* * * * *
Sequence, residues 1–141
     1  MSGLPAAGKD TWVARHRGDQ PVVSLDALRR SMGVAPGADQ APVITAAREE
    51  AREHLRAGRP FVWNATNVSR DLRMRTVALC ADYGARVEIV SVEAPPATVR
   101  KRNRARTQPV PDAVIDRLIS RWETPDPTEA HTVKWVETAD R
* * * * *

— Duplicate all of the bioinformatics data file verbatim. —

Sequence, residues 1–141
     1  MSGLPAAGKD TWVARHRGDQ PVVSLDALRR SMGVAPGADQ APVITAAREE
    51  AREHLRAGRP FVWNATNVSR DLRMRTVALC ADYGARVEIV SVEAPPATVR
   101  KRNRARTQPV PDAVIDRLIS RWETPDPTEA HTVKWVETAD R